Response to acute endotoxemia in cirrhotic rats

BACKGROUND/AIMS:

In cirrhosis, the levels of proinflammatory cytokines are high in the liver and blood. Endotoxin decreases level of consciousness in cirrhotic rats. Phosphatidylserine exists in the cell membrane structure and is essential for the survival of neurons. Phosphatidylserine receptor is found in phagocytic cells and also activates the signaling of membrane proteins in apoptotic process. Therefore this study was aimed to explore the hypothesis that hepatic encephalopathy is prevented by phosphatidylserine treatment and if so, whether this is associated with altered level of proinflammatory cytokines in the brain.

METHODS:

Cirrhosis was induced by surgical ligation of the bile duct in male Wister rats. The groups were treated with phosphatidylserine and saline for 4 weeks. Brain IL6, TNFα and the expression of phosphatidylserine receptor were assessed. Intraperitoneal injections of either saline or lipopolysaccharide (0.1 mg/kg) were administered to each group. Finally, animal behavior, blood ammonia and the expression of toll like receptor 4 were examined in the brain.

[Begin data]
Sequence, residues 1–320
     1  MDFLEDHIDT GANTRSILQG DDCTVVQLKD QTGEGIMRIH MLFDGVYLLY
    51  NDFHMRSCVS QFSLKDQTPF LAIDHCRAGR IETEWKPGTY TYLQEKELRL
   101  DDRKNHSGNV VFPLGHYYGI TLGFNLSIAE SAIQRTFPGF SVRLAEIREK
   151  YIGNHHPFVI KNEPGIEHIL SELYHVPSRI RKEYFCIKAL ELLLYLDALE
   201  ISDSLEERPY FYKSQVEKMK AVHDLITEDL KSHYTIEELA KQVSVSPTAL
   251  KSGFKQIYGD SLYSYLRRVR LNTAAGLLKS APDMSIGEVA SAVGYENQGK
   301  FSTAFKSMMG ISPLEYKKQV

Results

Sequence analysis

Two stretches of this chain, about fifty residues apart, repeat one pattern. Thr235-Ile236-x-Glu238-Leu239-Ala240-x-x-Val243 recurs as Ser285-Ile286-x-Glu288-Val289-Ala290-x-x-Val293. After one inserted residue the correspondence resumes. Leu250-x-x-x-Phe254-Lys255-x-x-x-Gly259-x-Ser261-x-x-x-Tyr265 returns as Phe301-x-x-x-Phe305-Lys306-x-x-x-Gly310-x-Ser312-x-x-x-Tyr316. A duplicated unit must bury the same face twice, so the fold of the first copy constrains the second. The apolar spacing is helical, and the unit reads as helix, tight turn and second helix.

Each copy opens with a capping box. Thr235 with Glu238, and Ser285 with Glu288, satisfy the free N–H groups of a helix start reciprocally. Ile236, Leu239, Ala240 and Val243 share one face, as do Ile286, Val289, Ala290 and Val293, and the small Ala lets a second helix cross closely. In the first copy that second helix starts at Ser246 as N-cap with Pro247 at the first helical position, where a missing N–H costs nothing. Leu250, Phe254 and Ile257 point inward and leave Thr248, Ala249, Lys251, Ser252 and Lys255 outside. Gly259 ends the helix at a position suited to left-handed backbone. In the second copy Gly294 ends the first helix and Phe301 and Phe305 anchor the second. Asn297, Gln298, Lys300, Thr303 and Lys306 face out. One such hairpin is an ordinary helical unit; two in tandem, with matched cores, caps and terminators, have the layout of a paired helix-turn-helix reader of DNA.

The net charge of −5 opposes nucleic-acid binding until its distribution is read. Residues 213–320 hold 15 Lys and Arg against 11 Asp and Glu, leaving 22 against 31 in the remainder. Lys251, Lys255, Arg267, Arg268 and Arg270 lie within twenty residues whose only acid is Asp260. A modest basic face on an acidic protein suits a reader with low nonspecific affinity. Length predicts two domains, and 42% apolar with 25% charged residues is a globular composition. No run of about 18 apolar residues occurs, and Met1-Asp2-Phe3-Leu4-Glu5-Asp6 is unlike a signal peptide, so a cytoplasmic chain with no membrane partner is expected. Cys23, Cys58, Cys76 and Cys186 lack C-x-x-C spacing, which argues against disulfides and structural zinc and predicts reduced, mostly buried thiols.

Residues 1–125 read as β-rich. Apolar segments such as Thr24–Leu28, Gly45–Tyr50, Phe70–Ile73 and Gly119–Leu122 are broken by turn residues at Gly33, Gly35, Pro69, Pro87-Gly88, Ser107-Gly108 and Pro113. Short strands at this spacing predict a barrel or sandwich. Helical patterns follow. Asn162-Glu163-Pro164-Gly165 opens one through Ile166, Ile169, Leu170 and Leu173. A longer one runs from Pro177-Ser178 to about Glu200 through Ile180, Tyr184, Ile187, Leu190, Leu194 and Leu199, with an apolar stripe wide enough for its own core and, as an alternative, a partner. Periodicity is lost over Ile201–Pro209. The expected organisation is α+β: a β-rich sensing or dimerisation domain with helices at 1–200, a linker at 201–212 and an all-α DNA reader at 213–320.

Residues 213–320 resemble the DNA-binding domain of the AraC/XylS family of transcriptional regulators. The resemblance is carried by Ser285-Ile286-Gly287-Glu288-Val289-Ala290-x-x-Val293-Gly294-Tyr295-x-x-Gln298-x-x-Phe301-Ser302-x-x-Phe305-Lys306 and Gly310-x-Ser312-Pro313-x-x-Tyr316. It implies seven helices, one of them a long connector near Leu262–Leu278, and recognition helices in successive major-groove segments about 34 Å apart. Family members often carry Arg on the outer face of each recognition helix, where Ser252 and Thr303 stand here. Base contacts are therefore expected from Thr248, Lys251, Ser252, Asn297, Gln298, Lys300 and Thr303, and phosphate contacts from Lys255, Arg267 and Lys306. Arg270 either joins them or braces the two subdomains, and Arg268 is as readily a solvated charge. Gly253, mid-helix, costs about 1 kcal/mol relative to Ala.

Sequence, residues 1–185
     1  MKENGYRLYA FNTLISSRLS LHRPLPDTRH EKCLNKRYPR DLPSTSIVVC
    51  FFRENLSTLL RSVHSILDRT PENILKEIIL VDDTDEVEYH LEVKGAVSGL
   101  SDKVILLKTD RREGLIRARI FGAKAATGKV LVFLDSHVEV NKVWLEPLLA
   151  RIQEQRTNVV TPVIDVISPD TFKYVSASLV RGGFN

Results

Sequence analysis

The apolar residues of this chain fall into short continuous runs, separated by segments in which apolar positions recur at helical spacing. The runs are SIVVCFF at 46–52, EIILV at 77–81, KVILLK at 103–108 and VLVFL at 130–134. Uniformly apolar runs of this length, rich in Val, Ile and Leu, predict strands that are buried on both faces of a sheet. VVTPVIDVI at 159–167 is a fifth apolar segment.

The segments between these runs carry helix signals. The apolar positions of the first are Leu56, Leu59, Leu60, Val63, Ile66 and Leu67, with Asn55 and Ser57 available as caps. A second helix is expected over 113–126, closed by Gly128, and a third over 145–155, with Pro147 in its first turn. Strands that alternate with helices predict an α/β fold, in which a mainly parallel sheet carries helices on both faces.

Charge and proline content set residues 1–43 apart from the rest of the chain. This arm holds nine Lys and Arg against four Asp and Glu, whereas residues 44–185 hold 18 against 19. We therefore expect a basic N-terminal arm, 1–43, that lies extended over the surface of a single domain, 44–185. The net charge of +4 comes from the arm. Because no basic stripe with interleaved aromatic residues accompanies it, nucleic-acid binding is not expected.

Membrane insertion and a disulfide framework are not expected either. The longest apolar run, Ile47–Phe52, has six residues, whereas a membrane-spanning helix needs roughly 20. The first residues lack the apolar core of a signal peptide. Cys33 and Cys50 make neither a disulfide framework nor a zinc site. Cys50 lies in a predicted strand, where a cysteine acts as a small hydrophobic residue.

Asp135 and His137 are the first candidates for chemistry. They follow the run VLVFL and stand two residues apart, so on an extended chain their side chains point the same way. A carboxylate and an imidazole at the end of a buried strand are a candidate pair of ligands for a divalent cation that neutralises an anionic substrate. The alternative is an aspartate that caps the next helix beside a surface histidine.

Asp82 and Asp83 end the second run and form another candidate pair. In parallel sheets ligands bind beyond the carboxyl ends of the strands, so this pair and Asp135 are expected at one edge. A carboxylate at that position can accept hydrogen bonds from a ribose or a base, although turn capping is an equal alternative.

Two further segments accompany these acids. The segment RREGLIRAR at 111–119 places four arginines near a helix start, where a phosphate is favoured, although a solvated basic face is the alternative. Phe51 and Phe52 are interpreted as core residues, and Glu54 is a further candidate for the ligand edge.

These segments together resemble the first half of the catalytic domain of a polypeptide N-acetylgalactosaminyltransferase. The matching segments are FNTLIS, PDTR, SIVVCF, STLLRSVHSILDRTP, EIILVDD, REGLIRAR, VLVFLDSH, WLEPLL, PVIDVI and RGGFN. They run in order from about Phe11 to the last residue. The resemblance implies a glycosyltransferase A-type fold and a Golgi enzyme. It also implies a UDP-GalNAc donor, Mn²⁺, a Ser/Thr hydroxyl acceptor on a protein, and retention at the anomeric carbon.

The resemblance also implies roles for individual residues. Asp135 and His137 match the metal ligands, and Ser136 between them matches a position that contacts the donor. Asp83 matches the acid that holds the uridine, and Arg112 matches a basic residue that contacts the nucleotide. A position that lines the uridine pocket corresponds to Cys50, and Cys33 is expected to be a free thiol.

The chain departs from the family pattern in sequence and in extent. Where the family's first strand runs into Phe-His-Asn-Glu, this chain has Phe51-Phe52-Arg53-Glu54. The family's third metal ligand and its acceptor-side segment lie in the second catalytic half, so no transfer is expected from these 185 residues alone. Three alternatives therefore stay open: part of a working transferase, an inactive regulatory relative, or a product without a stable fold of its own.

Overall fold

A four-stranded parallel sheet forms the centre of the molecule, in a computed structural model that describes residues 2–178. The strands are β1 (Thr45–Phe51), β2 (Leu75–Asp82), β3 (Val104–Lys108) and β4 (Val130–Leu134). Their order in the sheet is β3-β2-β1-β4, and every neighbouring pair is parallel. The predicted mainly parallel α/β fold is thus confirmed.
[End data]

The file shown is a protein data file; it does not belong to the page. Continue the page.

RESULTS:

Cirrhosis in rats was associated with altered expression of toll-like receptor4 in brain cortex and phosphatidylserine treatment increases toll-like receptor4 receptor expression. Phosphatidylserine had anti-inflammatory effect in healthy rats but no effect in cirrhotic rats. Chronic phosphatidylserine treatment decreased blood ammonia in BDL cirrhotic rats treated with lipopolysaccharide.

CONCLUSION:

The brain of cirrhotic rat is more susceptible to acute endotoxemia and chronic phosphatidylserine treatment decreases blood ammonia and encephalopathy in cirrhotic rats by encountering endotoxin. Phosphatidylserine may boost immune system against endotoxin.

 

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